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Analyst Gives Zune Thumbs Down

Microsoft's Zune isn't even in the hands of testers yet but already one analyst is giving it a thumbs down, mostly due to its possible hardware legacy.

A research report from American Technology Research on Wednesday declared the Zune "underwhelming" and could end up "another classic case of overpromising and underdelivering" by Microsoft .

ATR analyst Shaw Wu wrote in a note to investors that Microsoft "had hinted of an all-new design from the ground up, but from our analysis, it appears that the Zune is essentially a repackaged Toshiba Gigabeat that has seen limited success."

Earlier this month, Toshiba received FCC approval of a new device, the Toshiba 1089, which is widely believed to be the Zune. The unit sports a 3.0-inch TFT LCD display, FM tuner, a USB 2.0 port, a 30GB hard drive, and 802.11b/g Wi-Fi.

A photo of the device accompanied the FCC approval, and it bore a very strong resemblance to the Gigabeat, a handheld device that integrates with the Windows Media Center PC.

Wu said he is unimpressed by Zune's fake clickwheel, which "does not scroll nor is touch-pressure sensitive, making navigation difficult, particularly for users with large music, video and photo libraries."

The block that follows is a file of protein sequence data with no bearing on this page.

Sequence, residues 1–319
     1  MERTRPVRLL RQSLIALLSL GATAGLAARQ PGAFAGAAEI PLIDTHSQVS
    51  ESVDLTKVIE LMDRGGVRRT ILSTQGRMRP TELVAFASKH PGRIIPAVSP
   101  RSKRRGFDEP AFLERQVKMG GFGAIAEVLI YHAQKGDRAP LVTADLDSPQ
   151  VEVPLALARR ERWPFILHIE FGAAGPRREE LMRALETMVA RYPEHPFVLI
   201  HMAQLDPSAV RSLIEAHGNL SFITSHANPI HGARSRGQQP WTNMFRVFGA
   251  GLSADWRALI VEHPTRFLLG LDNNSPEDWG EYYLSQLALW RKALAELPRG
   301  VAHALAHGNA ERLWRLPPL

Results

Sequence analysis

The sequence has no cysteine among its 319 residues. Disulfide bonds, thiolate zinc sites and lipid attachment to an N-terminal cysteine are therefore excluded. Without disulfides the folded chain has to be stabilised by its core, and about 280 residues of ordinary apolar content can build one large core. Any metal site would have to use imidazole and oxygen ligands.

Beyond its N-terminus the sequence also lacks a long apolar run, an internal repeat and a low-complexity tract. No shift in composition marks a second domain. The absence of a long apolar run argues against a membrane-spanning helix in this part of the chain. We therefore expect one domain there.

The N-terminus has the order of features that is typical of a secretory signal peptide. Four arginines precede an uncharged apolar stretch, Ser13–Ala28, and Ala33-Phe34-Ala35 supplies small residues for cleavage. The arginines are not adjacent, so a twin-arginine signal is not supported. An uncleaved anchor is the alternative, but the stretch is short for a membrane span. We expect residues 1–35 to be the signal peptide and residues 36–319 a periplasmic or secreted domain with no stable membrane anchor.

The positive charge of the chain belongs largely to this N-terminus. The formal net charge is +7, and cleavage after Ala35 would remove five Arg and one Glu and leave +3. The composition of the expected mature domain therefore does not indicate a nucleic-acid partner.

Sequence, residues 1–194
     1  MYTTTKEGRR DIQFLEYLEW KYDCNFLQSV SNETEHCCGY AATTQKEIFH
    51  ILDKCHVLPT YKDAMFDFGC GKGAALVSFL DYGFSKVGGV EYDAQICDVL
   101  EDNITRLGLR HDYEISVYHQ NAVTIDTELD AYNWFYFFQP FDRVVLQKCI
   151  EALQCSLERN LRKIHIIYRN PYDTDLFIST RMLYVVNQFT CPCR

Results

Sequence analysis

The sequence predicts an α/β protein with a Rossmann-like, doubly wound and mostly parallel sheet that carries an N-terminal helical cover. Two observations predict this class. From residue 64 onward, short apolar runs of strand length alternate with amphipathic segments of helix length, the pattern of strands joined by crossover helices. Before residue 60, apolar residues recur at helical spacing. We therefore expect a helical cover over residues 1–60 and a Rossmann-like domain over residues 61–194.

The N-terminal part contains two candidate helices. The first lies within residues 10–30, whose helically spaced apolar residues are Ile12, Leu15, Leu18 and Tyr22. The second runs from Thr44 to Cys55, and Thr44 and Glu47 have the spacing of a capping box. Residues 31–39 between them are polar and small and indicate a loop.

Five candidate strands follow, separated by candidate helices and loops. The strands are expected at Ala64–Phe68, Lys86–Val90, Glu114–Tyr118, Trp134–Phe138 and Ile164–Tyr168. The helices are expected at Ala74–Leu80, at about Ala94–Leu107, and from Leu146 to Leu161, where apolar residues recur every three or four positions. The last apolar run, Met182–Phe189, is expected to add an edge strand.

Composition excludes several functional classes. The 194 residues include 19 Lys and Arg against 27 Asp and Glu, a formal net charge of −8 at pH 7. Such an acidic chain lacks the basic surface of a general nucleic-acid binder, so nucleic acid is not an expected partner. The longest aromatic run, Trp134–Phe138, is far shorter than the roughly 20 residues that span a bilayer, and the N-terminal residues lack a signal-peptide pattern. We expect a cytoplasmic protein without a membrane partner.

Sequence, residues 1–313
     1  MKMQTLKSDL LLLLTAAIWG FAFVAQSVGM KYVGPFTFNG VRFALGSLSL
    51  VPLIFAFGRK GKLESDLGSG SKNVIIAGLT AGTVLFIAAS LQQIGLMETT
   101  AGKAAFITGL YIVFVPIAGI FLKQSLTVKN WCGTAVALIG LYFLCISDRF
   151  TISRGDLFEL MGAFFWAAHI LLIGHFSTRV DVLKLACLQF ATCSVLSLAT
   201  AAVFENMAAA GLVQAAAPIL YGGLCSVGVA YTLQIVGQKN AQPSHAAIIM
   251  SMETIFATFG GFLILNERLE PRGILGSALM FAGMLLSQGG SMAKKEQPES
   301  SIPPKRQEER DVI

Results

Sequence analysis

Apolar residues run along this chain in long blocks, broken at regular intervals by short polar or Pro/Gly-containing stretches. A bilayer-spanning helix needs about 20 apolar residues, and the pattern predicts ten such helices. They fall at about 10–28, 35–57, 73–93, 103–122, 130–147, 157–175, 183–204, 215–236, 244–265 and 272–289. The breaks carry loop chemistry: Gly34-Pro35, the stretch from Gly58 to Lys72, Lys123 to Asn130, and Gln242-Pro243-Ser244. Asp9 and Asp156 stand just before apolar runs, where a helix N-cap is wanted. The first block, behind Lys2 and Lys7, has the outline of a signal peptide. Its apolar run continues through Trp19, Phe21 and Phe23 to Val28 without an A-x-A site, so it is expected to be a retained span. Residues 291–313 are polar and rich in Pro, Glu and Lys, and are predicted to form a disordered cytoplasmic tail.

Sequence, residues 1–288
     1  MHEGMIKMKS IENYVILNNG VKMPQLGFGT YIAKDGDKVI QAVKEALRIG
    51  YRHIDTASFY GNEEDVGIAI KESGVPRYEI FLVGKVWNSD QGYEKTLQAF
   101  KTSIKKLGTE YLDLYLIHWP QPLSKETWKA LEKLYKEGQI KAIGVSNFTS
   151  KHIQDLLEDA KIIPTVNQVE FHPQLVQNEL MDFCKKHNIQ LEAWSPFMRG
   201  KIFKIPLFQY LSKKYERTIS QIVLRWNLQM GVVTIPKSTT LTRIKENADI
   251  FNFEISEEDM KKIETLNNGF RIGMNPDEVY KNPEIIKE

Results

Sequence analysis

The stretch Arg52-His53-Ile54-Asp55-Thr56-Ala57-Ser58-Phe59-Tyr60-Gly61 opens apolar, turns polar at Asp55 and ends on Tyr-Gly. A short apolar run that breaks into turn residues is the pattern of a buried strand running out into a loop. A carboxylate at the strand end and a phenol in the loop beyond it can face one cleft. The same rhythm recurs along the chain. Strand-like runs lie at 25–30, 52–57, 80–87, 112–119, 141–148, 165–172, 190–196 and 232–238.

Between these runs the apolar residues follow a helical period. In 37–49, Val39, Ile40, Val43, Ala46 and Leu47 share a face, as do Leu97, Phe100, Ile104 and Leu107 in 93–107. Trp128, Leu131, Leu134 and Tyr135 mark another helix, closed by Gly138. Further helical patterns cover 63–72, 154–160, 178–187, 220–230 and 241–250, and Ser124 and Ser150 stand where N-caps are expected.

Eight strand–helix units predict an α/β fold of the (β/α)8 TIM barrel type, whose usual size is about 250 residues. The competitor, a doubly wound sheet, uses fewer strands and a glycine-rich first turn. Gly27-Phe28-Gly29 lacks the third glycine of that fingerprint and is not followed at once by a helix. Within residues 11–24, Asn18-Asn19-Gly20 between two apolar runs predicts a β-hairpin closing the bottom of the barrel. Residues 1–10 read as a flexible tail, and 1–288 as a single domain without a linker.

The Gigabeat had a X/Y axis set of arrows used for navigation instead of the touchwheel that is a hallmark of the iPod. Wu said he felt the touchwheel may be difficult to replicate without infringing on Apple's extensive patent portfolio.

Wu did not return calls asking for comment by internetnews.com, and Microsoft, as would be expected, declined to comment. Matt Rosoff, analyst with Directions on Microsoft, feels the report was premature, because the real proof will be in the Zune's interface.

"The Gigabeat is a portable Media Center device. Microsoft hasn't revealed a lot, but I believe they are going to completely redesign the user interface. The software and user experience will be different," he said.

Rosoff felt that the software will make the difference and the hardware itself isn't that important.

"If Microsoft offers a smoother software experience than Windows Media Player and has a better store built into it, then they could take some marketshare from Apple," he said.

But if Zune is just another Windows Media Player device, then it will be just another also-ran. For now, he said there is too much that isn't known about the Zune.

"It's a little early to be passing judgment," said Wu.